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Crisis-hit Ukraine scrambles to run disputed election

Ukraine's pro-Western authorities are scrambling to organise a presidential election to shore up their democratic credentials and hold the fragile country together but Russia has already attacked the vote as "destructive".

KIEV: Ukraine's pro-Western authorities are scrambling to organise a presidential election to shore up their democratic credentials and hold the fragile country together but Russia has already attacked the vote as "destructive".

US Vice President Joe Biden has described next month's vote as "maybe the most important election in Ukrainian history". But many doubt it will go ahead amid ongoing violence in the country's eastern regions and tensions with Russia.

Casting a long shadow over the nationwide poll, scheduled for May 25, is the threat by pro-Russian protesters in flashpoint eastern cities to hold referendums on May 11 on autonomy from the central authorities in Kiev.

Russia has already warned that holding an election without "common ground" with Ukraine's pro-Russian voters would be "very destructive for the country".

Foreign Minister Sergei Lavrov told state-controlled RT television this week that Moscow would only "recognise something that would be based on the all-inclusive process".

"To call an election without finding some common ground with the east and the south of Ukraine I think is very destructive for the country," added Lavrov.

Polls show that in some eastern parts of the country, 70 per cent of citizens do not recognise the pro-Western authorities in Kiev.

And with pro-Russian protesters occupying official buildings in 10 or so eastern cities, logistical problems could also hobble the holding of the elections, warned local political analyst Kirill Cherkashin.

"Even if the elections take place, it will be very difficult to organise normally in the Donetsk region," he told AFP, referring to one of the crisis-hit eastern parts of the country.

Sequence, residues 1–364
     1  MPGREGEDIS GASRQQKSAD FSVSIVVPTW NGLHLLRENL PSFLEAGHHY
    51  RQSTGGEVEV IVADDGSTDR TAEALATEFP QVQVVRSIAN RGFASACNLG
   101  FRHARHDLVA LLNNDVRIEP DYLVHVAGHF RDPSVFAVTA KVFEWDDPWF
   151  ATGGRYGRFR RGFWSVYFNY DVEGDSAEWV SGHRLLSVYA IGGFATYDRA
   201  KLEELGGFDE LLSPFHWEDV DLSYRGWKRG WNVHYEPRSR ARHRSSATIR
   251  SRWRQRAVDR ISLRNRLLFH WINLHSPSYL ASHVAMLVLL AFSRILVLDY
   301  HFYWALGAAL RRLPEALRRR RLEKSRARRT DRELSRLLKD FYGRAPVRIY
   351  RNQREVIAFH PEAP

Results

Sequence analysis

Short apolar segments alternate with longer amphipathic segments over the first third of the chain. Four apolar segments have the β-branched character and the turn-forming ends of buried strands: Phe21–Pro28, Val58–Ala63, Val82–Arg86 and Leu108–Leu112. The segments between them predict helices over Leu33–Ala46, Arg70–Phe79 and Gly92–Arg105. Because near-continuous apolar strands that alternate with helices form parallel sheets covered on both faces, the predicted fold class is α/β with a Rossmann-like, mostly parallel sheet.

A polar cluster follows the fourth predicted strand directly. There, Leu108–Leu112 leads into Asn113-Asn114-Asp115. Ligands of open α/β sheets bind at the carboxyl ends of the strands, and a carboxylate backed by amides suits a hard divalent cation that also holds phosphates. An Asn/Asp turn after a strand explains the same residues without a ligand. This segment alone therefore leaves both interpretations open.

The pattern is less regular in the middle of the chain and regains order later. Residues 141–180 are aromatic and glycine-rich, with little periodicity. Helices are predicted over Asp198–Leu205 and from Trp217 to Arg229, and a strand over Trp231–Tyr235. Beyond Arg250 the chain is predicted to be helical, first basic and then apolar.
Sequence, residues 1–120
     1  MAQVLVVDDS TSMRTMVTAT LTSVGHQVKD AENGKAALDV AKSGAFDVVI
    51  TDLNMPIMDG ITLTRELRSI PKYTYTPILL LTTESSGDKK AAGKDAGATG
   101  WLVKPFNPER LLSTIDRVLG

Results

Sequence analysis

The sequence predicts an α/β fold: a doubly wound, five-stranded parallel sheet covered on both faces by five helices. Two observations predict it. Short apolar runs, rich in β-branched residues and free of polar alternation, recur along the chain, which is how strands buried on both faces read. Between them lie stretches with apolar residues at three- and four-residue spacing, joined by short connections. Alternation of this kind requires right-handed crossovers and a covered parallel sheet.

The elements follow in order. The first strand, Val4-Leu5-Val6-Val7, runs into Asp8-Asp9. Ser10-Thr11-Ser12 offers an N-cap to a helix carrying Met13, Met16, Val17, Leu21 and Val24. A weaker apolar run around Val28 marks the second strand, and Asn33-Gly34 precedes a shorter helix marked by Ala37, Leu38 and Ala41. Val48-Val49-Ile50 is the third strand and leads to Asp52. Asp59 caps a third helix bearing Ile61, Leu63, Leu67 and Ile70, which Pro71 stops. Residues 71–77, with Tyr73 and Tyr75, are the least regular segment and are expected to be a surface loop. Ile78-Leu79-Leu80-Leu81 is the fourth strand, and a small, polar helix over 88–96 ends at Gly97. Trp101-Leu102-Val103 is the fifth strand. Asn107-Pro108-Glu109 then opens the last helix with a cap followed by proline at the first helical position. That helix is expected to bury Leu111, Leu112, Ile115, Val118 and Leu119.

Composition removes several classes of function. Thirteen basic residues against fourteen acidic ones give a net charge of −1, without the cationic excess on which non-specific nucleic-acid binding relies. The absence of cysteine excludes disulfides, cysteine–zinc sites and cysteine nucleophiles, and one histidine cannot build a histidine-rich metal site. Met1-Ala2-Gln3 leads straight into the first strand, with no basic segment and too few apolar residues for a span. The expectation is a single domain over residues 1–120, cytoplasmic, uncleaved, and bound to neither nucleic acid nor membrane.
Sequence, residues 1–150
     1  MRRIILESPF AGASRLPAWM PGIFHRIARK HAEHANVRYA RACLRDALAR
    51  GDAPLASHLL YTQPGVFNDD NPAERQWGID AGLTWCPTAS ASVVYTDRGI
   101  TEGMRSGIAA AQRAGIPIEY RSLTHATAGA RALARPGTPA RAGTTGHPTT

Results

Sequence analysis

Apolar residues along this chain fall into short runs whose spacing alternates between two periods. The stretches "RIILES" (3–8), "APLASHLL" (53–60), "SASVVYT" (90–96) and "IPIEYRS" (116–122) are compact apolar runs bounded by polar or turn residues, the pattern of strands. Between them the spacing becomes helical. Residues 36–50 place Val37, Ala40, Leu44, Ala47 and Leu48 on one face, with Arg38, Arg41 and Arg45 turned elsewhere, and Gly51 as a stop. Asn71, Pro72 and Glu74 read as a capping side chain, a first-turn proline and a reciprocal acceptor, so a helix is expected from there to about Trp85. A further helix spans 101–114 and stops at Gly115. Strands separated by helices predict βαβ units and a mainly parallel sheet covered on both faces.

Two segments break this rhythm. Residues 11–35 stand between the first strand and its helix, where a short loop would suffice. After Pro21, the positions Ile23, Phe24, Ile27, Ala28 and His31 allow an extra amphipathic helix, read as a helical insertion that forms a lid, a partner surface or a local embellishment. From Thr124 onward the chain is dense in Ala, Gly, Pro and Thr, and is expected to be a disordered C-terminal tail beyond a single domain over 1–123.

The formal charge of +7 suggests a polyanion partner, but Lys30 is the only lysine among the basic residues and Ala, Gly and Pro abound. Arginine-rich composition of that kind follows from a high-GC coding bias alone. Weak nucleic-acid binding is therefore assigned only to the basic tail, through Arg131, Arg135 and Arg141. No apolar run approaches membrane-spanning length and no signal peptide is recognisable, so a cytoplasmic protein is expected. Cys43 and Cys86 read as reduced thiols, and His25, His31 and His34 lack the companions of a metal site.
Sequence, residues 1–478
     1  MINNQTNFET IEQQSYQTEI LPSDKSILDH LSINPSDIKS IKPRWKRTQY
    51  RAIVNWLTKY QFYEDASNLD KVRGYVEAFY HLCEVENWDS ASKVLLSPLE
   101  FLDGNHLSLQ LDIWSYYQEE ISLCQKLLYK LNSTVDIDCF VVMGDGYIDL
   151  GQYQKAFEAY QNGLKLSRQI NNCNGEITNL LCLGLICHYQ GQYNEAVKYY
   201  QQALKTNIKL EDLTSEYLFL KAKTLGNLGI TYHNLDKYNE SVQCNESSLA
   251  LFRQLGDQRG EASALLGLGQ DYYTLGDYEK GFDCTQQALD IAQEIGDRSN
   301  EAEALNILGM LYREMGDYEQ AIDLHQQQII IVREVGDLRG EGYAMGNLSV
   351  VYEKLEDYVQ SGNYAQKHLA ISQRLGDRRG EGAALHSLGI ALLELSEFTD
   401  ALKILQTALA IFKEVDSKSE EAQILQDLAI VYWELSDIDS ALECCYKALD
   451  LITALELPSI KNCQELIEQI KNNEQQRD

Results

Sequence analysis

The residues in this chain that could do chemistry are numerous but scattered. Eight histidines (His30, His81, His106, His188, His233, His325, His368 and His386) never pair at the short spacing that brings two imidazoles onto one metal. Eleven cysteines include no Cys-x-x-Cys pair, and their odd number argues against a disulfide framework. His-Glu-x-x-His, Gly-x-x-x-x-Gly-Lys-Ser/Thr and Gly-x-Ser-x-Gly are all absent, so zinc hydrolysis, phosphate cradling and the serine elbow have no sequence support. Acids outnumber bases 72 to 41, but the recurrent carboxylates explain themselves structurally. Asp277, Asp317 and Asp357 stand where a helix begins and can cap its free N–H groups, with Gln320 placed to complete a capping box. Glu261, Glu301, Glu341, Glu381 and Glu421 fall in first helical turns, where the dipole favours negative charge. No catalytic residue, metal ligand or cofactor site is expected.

However, Oleksandr Chernenko of the Committee of Voters of Ukraine, a non-governmental organisation that monitors elections in the country, was more optimistic.

"The turnout will be high, at around 70 per cent across the country. In the east, more than 50 per cent of voters say they would participate in a presidential election," he told AFP.

He added that the 23 candidates -- at least three of whom are overtly pro-Russian -- "represent the whole spectrum" of Ukrainian politics.

The two favourites to win the vote are chocolate tycoon and self-made billionaire Petro Poroshenko and former prime minister Yulia Tymoshenko -- both ardent supporters of the pro-Western protesters who toppled former Kremlin-backed leader Viktor Yanukovych in February.

Many in Ukraine voice a determination to hold an election to give their country a stronger, more democratically legitimate government to stave off what they see as Russia efforts to destabilise its neighbour.

"This election has to take place whatever it costs. The destabilisation is due to the fact that the country does not have a legitimate president," said Ukrainian political analyst Volodymyr Fessenko.

Kiev-based politics expert Olexiy Garan told AFP: "Disrupting the presidential election is part of Russia's plan. That's why we have to do everything possible to make it happen."

And the head of the country's electoral commission, Mykhailo Okhendovsky, stressed that the tensions in the east would have "no impact" on efforts to hold the vote.

The election will take place "whatever the political weather", he vowed.

Analysts in Kiev also insisted that the proposed May 11 referendum on autonomy in eastern regions would not have a significant impact on national politics.

Unlike March's disputed referendum in Crimea, in which nearly 97 per cent of voters opted for Kremlin rule, pro-Russian protesters in Ukraine's east lack the resources to hold a vote, experts said.

"They could call a pseudo-referendum to destabilise the situation but they can't carry it out in Donetsk or in Lugansk," stressed Garan.

"Their demands have an impact in the media but do not represent a political threat," said Vadim Karasev, head of the Global Strategies Institute in Kiev.

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